We all talk a lot about the impact of the Internet of Things (IoT). In almost every article about the topic, the author will include one sentence saying that personal data is important, and we need to think about privacy. Consider this recent article by Ali Durmus for Telcoprofessionals.com:
2015 – The year the wearable market explodes
…IDC estimates that 72.1 million devices will be shipped in 2015 up 173.3% from the 26.4 million units shipped in 2014. Fitbit continues to be the market leader with 34.2% market share in 1Q15 with Xiaomi coming second at 24.6%. Fitness, including activities such as how many steps a person has taken in a day along with running, hiking and multi-sport activities continues the dominate the reasons why people are buying wearables…
…The use of wearables in a connected healthcare and lifestyle environment will become of increasing important especially with the management of illnesses as well as for health predictions and the use of calculating things such as health insurance. There are the obvious security and privacy issues that need to be addressed with that.
I am sorry, but it is not good enough to write a long article about the huge revenue growth that will come with IoT, and include one bland sentence that says ‘obvious’ issues will ‘need to be addressed’. How? By whom? At what cost? What will be the penalties if they are not?
When it comes to the IoT, we are not talking about trivial or unimportant data about a human being. But there will be few easy answers to the questions we must face. Consider that a wearable medical device will capture lots of sensitive data, and need to transmit it. We also want them to be light, unobtrusive, and have a long-lasting battery – nobody’s life will be saved by a sensor that is switched off. But that immediately creates huge challenges. Encryption is a computationally intensive process, so the stronger the encryption, the worse the battery life! Who decides what is an acceptable trade-off between safeguarding a patient’s data, and the chance of a flat battery?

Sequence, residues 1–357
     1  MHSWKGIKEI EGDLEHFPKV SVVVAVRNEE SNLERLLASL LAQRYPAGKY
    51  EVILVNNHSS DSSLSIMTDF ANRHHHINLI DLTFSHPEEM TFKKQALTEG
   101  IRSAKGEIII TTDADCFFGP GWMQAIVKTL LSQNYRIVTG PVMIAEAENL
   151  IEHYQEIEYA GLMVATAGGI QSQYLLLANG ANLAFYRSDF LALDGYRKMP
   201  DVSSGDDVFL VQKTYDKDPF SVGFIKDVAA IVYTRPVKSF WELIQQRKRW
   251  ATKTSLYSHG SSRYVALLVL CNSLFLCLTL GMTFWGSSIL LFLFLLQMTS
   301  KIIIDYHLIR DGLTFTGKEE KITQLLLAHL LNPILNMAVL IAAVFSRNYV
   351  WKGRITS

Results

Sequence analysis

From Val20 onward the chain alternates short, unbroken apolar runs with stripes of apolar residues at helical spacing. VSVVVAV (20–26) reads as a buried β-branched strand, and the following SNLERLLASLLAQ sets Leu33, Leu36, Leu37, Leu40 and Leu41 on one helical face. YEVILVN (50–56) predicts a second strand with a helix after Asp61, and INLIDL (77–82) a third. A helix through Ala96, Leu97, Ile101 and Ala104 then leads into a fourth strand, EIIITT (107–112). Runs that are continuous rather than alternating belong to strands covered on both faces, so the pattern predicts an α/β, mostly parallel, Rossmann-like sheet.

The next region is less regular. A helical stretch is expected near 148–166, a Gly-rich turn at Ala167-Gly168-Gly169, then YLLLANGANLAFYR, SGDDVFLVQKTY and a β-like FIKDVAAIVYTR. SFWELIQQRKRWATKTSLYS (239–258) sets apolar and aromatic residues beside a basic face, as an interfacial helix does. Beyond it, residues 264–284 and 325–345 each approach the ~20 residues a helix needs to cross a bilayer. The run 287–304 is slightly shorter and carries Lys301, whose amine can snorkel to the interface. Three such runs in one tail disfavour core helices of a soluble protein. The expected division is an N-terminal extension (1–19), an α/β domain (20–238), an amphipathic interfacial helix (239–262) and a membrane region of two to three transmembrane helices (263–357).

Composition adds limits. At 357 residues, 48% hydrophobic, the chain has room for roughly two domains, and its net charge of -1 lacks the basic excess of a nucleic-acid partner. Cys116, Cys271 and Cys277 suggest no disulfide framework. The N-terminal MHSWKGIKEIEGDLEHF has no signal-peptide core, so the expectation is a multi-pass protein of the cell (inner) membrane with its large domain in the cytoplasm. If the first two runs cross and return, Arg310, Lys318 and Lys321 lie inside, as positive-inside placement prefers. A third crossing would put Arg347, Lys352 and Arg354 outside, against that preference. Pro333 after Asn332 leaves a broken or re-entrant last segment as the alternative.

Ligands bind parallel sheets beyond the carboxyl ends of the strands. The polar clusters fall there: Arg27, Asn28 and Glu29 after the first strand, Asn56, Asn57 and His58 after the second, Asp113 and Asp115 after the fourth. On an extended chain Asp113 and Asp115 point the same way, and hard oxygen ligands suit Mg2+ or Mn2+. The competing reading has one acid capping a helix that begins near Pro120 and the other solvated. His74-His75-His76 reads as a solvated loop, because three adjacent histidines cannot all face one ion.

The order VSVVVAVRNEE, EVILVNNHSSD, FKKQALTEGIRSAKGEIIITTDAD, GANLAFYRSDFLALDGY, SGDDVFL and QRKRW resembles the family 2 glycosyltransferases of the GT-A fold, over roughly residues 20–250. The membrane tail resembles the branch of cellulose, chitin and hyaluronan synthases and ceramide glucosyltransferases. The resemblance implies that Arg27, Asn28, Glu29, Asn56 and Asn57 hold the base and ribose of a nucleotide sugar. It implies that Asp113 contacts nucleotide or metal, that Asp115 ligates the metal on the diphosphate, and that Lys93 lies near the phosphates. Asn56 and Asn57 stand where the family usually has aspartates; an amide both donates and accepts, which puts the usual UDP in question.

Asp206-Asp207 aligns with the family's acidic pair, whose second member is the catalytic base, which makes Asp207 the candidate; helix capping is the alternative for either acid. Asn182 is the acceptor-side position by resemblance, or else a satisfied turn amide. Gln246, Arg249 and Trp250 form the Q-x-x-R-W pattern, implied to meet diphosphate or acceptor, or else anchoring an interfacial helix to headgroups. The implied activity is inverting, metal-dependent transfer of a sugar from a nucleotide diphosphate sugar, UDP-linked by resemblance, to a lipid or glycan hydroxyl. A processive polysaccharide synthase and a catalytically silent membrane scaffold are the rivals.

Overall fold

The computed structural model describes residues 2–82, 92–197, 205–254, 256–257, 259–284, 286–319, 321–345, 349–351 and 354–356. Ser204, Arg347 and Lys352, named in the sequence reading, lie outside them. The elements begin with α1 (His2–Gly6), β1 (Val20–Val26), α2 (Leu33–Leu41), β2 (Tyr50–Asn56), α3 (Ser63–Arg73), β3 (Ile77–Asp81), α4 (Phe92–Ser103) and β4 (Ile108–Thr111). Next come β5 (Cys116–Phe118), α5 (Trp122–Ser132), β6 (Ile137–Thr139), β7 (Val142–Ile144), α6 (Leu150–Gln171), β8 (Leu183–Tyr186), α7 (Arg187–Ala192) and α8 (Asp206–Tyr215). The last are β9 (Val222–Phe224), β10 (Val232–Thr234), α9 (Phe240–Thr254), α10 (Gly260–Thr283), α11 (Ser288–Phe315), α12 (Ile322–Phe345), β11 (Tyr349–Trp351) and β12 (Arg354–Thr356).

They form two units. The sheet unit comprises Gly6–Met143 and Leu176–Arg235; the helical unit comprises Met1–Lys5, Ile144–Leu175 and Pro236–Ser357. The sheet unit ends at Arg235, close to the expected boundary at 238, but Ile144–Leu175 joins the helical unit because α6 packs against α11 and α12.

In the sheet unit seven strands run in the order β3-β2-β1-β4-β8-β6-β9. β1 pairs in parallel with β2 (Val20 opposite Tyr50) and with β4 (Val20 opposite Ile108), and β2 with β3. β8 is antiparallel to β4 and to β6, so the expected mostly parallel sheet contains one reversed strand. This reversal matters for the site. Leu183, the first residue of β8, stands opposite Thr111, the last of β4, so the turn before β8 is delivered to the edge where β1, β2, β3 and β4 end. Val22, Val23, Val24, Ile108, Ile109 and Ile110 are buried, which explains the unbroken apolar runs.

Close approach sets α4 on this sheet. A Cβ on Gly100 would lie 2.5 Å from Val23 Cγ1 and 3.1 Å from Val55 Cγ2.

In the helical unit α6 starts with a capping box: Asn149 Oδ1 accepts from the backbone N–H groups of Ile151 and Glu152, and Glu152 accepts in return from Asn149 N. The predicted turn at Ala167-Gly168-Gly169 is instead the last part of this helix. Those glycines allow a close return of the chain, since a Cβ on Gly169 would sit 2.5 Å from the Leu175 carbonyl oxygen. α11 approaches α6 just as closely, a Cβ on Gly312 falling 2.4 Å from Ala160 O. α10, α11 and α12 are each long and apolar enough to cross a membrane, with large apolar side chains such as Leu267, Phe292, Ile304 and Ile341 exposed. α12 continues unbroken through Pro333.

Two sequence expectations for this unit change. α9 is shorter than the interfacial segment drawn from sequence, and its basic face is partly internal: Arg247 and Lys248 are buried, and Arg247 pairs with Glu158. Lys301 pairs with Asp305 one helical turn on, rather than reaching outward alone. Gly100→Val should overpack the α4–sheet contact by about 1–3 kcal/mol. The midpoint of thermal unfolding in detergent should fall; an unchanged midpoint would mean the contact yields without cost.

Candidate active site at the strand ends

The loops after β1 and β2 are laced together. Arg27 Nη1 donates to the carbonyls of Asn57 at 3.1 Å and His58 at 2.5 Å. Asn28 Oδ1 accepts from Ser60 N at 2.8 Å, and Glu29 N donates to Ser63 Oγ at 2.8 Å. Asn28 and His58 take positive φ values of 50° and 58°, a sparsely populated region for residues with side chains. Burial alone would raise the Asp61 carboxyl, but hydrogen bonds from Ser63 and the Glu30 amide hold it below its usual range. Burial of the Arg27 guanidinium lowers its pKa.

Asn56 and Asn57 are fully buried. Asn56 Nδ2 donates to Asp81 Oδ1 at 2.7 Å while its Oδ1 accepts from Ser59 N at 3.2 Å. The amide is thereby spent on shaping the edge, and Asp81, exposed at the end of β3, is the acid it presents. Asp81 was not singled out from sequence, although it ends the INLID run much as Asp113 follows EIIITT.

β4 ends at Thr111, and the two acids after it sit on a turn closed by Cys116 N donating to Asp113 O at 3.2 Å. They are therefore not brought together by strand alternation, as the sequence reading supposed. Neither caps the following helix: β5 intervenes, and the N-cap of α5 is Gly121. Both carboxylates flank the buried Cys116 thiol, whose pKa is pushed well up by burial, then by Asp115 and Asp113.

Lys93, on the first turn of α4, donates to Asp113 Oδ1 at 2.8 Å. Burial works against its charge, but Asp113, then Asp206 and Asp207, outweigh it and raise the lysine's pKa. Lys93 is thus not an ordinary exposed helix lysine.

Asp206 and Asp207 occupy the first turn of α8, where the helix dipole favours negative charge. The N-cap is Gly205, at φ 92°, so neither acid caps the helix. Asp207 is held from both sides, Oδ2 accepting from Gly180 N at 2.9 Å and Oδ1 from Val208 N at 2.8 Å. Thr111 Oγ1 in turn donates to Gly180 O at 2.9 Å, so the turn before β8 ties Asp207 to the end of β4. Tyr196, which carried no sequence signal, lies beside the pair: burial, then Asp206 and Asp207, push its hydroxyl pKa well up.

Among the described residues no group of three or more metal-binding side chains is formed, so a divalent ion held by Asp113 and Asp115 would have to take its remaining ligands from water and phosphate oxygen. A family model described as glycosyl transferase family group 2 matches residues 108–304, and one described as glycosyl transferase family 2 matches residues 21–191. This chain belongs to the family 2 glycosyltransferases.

This concern came up again and again when I talked to manufacturers at Wearable Tech 2015. To be fair to them, they admitted to the scale of the challenge. But many manufacturers were start-ups in fierce competition with rival firms. We are at grave danger if we foster an approach that focuses on the revenues now, and deals with the issues later. And it would be irresponsible for a big comms firm to slap their established brand over a new service, then point fingers of blame when their manufacturing partner builds devices with inadequate security. To its credit, the industry knows we face problems. This was illustrated when I engaged in a RIMS Twitter chat about cybersecurity and the IoT. This was the comment that prompted most response.
— Commsrisk (@Commsrisk) March 18, 2015
We know that those IoT devices already in widespread use have failed to incorporate adequate protection of data. Smart meters face fewer technical challenges than wearables, but academics lambasted the poor cryptography of one of the most popular smart meter specifications.
Thankfully, one positive message I heard at Wearable Tech 2015 is that regulators are thinking about the risks, even if they do not yet have all the answers. Confirmation of that came recently with Ofcom, the UK comms regulator, commissioning a report by independent consults WIK-Consult. The purpose of the report was to study recent academic research into the best ways to interact with customers when handling data gathered via the IoT. This report is not the end of a process; we need much more industry debate about these risks. However, I hope the report will inject some urgency into the pursuit of compromises that will take all risks into consideration. What follows are some of the key findings from that report.
The IoT multiplies the scale of the data and privacy challenge.
If expectations about the take-up of such connected devices are correct, online tracking of personal data is likely to become seamless across all areas of people’s lives. Besides the increase in the amount of data, one may also expect that data gathering, aggregation and analysis will become even more subtle as machines talk to machines without (almost) any human intervention. Thus, consumers have even less opportunity to learn about data-gathering practices. In some cases, they may not even be aware that the device they are currently using is actually connected to the Internet.